US News & World ReportSeniors won't be getting a boost in their Social Security checks next year, but they will get some new Medicare benefits. Many employers also plan to tweak their retirement account investments to save money on fees and comply with new regulations. Here's a look at how retirement benefits are likely to change in 2011:

 

401k contribution caps stagnant. The savings limits for retirement accounts will stay the same next year because inflation wasn't high enough in 2010 to trigger an increase. Workers can contribute up to $16,500 to 401k, 403b, and 457b plans, or the federal government's Thrift Savings Plan in 2011. Those age 50 and older can make additional catch-up contributions of another $5,500 next year.

 

The idea is increasingly popular as state governments struggle to balance their budgets.

By Karen Datko Dec 16, 2010 7:30PM

This post comes from Jim Wang at partner site Bargaineering.

 

As part of our "What If?" series, let's take a look at a favorite target of the fiscal hounds. Since the dawn of time -- or 1992, anyway -- online merchants have collected sales tax on online purchases only if the vendor has a physical presence in the buyer's state.

 

However, as many state governments ponder how they will get their budgets back into the black, collecting sales tax on all online purchases seems to be a popular idea.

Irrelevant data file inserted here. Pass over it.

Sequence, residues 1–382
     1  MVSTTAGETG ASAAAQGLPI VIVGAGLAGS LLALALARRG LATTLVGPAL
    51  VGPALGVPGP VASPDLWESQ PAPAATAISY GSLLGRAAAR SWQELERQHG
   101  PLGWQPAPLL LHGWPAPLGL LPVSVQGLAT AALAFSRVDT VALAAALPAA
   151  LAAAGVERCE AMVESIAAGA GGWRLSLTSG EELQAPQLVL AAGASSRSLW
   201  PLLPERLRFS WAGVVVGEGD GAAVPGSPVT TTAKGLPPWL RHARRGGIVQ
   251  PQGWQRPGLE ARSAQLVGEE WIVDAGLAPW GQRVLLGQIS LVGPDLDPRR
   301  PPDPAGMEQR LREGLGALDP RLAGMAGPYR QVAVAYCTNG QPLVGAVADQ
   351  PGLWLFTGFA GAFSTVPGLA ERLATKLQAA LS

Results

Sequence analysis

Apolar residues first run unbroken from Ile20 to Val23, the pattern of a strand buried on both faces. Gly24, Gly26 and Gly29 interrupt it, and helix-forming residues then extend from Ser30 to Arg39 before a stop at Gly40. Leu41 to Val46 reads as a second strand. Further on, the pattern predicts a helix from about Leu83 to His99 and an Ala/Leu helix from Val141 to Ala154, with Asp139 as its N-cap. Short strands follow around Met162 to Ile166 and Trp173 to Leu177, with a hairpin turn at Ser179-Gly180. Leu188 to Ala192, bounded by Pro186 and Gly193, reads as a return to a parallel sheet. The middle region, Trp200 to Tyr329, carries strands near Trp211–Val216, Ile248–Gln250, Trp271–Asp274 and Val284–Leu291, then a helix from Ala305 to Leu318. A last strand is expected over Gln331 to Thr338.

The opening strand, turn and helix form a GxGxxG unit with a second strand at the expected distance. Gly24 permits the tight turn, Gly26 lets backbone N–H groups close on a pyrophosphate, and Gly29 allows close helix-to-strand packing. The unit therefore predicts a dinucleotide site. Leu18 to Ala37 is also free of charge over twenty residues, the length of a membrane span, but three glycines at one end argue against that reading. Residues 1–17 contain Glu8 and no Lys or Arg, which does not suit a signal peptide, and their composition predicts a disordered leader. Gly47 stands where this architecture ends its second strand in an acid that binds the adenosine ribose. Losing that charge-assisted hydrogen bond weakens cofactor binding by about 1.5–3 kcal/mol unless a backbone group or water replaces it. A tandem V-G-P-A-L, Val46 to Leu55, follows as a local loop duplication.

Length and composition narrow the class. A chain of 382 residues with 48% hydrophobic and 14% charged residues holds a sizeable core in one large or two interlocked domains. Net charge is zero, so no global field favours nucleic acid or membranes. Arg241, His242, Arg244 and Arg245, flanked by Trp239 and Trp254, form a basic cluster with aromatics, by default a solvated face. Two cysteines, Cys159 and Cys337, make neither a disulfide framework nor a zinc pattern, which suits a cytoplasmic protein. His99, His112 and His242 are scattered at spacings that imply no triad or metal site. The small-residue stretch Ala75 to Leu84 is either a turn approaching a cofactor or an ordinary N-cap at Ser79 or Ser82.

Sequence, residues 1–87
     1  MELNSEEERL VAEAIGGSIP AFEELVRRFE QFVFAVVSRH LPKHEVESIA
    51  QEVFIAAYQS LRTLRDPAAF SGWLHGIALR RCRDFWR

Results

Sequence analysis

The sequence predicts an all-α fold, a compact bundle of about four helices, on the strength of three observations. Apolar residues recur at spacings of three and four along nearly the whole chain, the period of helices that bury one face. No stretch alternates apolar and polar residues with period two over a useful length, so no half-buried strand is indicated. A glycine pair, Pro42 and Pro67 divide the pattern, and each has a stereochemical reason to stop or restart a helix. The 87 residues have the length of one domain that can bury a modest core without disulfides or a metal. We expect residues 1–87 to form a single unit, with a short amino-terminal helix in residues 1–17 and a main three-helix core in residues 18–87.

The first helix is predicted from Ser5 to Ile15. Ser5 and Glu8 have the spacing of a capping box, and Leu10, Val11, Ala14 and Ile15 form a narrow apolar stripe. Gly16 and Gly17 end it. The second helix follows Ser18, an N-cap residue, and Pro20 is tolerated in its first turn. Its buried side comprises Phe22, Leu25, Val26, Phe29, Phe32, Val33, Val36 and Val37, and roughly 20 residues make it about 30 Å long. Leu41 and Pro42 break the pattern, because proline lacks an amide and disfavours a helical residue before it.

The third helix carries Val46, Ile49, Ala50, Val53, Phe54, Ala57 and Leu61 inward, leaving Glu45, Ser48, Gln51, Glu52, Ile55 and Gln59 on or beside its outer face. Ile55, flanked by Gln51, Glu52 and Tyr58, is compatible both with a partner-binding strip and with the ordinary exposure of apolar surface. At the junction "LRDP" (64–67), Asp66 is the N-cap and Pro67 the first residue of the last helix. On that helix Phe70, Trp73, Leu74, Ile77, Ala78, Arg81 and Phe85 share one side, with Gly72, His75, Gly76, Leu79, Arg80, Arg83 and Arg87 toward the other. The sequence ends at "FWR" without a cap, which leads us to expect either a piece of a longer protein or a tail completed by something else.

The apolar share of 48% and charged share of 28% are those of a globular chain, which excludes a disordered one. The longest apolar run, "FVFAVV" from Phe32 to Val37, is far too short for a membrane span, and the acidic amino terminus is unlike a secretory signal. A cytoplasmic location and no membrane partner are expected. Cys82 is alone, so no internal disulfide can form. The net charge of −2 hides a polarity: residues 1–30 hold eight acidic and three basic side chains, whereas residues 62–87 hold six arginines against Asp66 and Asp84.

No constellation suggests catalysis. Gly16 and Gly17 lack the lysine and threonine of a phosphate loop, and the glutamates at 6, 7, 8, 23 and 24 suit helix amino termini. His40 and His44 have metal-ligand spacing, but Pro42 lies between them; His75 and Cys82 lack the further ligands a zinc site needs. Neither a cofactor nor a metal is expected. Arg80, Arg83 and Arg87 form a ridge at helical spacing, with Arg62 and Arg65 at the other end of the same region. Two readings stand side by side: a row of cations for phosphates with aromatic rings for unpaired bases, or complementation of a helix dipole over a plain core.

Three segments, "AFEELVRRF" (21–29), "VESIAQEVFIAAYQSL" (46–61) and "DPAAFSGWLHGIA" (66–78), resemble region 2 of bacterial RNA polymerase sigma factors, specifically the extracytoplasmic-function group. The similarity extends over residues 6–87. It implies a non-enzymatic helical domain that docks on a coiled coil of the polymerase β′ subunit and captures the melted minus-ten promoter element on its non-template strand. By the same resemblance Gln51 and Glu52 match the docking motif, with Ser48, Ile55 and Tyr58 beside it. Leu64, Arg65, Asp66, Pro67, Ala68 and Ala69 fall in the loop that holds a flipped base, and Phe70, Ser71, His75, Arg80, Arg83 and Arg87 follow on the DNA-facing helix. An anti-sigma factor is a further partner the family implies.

Right now, people who buy online are supposed to pay the sales tax directly to their state, although very few do. But what would happen if online vendors were required to collect sales tax on all online sales?

 

Strategic use of gift card bonuses, savvy Black Friday shopping and other frugal hacks yields nearly 20 holiday gifts for almost nothing.

By Teresa Mears Dec 16, 2010 5:15PM

How much are you spending on holiday shopping this year? $100? $200?

Katiria Colon of Hollywood, Fla., did all her Christmas shopping for $6.32.

 

That's right. She spent less than $7 to buy presents for about 20 people: her husband, 8-year-old son Kyle, grandparents, mother, two sisters, two nieces, brother-in-law, sister-in-law, her boss and his wife, a cousin and the cousin's daughter, a neighbor family and her son's teacher, reports Marcia Heroux Pounds of the Sun Sentinel of Fort Lauderdale.